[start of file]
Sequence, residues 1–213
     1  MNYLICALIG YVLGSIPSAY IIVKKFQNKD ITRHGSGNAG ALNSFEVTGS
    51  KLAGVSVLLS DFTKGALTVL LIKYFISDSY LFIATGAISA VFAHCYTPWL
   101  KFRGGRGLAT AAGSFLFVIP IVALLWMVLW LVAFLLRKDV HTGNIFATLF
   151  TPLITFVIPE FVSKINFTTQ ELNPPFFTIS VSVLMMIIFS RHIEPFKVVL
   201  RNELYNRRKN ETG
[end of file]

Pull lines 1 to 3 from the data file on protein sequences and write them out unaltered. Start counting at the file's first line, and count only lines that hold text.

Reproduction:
Sequence, residues 1–213
     1  MNYLICALIG YVLGSIPSAY IIVKKFQNKD ITRHGSGNAG ALNSFEVTGS
    51  KLAGVSVLLS DFTKGALTVL LIKYFISDSY LFIATGAISA VFAHCYTPWL